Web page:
Autistic Children Who Wander Have New Code and Medical Resources They Can AccessSeptember 6th, 2011
The Centers for Disease Control (CDC) has approved a new medical diagnosis code for wandering. Individuals with autism, intellectual disabilities, and related conditions are more prone to wandering, which exposes them to potentially harmful and life-threatening dangers. The new code is listed as V40.31 – wandering in diseases classified elsewhere.
“It is our hope that the recognition of wandering as a medical diagnosis will bring opportunities for the development of resources including training for schools and caregivers, emergency search personnel protocols, financial assistance for safety equipment and support and education for families,” said Lori McIlwain, the board chair of the National Autism Association.
Health care professionals can start to use the new code in October in medical records. The CDC wants to gain better data with the new code to understand the prevalence of this behavior. Autism Spectrum Disorders (ASD) are noted for affecting an individual’s social, behavioral, and communication skills. ASDs begin in childhood and can last throughout a person’s lifetime. Individuals who are prone to wandering need extra care to monitor them. Behavioral intervention early on is needed to help the individual lessen these behaviors and make progress.
The National Autism Association conducted an online poll and 92 percent of parents said that their autistic child had a tendency to wander. Exposure to the outdoor elements, drowning, and other factors put the individual at risk for an injury or death. Speaking with your health care provider about your child’s behavior and what resources there are can help turn the situation around. It is also advised to speak with a qualified special needs attorney to learn about and access much-needed resources for your child.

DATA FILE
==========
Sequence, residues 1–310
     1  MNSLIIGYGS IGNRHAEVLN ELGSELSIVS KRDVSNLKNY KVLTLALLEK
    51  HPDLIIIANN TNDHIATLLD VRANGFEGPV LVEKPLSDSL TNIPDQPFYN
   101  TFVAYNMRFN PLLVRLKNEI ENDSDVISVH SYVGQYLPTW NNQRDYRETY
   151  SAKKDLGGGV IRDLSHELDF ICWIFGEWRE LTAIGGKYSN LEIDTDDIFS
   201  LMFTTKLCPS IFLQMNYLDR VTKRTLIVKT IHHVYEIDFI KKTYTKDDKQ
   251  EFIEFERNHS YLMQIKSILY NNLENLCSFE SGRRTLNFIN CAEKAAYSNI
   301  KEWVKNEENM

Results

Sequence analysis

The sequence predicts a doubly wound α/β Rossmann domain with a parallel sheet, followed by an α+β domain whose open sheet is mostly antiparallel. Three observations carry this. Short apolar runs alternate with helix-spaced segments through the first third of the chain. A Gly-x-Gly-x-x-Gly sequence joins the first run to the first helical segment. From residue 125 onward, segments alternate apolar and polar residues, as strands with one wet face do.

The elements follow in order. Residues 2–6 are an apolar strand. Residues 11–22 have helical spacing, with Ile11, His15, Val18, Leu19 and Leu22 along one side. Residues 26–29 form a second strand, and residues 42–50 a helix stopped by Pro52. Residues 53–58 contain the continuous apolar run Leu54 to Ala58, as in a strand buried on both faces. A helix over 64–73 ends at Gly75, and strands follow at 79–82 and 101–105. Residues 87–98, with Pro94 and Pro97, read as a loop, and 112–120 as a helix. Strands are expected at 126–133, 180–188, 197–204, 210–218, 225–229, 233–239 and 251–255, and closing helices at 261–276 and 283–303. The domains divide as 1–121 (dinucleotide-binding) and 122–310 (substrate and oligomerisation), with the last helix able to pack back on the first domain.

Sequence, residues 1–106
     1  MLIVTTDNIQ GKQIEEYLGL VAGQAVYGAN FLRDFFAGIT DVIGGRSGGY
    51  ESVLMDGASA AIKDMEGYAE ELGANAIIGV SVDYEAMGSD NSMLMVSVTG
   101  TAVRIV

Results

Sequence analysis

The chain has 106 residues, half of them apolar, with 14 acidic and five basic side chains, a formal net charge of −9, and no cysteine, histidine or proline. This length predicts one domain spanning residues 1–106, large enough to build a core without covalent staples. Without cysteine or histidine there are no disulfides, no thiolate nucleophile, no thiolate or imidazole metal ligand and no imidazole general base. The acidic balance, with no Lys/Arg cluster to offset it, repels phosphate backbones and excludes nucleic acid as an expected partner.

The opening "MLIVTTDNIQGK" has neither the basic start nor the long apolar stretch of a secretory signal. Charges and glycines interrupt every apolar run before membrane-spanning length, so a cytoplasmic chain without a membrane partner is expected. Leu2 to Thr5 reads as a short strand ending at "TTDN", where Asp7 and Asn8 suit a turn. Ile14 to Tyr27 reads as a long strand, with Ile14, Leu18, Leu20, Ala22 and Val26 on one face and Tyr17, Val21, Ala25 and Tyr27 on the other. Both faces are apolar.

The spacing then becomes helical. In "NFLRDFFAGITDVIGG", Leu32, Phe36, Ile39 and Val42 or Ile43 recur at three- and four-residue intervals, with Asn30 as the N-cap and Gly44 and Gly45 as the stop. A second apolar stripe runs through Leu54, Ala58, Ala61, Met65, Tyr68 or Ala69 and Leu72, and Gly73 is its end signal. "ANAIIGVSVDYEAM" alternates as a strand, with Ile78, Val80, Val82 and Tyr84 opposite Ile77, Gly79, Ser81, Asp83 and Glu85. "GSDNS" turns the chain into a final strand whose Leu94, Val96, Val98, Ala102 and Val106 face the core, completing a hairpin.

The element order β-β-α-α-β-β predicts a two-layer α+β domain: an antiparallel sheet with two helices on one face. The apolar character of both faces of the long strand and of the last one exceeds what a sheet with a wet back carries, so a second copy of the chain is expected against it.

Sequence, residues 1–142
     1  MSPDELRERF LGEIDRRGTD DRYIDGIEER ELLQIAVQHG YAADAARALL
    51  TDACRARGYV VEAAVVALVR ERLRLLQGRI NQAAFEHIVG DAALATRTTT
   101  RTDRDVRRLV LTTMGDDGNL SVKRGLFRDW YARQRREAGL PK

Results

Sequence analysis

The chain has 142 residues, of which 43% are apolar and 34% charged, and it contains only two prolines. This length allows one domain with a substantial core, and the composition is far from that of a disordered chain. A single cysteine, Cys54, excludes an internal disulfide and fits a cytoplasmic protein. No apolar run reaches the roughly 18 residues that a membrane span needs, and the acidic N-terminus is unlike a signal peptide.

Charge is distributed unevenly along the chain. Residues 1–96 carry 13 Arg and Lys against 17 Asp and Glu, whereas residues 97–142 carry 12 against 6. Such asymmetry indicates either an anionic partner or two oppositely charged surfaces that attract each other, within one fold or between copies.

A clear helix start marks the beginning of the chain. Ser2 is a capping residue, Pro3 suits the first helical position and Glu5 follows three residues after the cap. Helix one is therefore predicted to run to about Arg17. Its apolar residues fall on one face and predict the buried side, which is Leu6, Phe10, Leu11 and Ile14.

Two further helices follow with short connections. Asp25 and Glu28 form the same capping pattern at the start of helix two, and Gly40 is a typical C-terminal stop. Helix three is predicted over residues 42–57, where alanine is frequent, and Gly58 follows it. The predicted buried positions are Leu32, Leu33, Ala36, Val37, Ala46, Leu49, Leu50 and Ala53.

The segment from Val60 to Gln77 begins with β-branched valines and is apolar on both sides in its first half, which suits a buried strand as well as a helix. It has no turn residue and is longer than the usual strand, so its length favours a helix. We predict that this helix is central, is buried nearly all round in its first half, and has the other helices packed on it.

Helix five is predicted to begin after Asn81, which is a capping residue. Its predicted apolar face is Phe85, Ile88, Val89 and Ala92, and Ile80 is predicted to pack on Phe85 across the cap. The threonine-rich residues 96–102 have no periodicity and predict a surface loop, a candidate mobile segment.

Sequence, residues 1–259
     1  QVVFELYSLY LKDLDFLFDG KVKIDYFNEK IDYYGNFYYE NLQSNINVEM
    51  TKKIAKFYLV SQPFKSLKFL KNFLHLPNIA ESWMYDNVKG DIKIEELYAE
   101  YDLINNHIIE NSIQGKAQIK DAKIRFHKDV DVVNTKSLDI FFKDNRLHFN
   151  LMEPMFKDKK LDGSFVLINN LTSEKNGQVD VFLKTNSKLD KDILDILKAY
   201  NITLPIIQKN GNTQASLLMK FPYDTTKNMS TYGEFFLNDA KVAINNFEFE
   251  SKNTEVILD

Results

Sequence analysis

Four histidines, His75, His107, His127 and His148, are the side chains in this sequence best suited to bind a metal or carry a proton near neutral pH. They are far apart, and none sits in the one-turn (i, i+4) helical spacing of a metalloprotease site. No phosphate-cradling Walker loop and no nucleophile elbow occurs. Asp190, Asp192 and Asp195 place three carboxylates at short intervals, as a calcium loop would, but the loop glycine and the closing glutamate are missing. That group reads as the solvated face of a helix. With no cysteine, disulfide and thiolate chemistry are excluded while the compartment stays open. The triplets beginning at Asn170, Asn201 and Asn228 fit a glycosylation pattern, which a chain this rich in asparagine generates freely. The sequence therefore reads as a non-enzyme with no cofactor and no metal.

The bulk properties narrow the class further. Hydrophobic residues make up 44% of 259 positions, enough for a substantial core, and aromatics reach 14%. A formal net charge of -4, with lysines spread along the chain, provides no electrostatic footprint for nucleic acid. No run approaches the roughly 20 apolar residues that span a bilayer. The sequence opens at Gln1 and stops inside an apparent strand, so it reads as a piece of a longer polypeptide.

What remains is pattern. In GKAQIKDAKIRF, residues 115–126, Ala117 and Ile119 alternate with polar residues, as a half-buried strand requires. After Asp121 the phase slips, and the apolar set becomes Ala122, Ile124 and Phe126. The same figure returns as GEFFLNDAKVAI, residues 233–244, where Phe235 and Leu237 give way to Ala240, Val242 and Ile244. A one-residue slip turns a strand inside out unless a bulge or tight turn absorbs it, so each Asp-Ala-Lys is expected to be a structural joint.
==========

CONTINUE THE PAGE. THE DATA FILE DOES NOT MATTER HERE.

Littman Krooks LLP counsels families with special needs planning. Our New York City, White Plains or Fishkill Special Needs attorneys can assist with Medicaid planning, special needs trusts, comprehensive estate planning, and special education advocacy matters. In addition, our New York Special Needs Trust attorneys can assist clients with long-term care and asset preservation and protection planning for loved ones with disabilities that need around-the-clock care.
To learn more about New York special needs planning, visit www.specialneedsnewyork.com, or http://www.littmankrooks.com/special-needs-planning.